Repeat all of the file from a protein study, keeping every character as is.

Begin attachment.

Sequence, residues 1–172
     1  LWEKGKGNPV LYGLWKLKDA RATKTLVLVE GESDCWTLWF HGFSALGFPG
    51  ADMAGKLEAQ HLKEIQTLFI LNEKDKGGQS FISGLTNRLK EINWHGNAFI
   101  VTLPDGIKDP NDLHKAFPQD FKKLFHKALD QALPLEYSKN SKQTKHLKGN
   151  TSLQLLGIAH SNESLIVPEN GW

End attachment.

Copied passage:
Sequence, residues 1–172
     1  LWEKGKGNPV LYGLWKLKDA RATKTLVLVE GESDCWTLWF HGFSALGFPG
    51  ADMAGKLEAQ HLKEIQTLFI LNEKDKGGQS FISGLTNRLK EINWHGNAFI
   101  VTLPDGIKDP NDLHKAFPQD FKKLFHKALD QALPLEYSKN SKQTKHLKGN
   151  TSLQLLGIAH SNESLIVPEN GW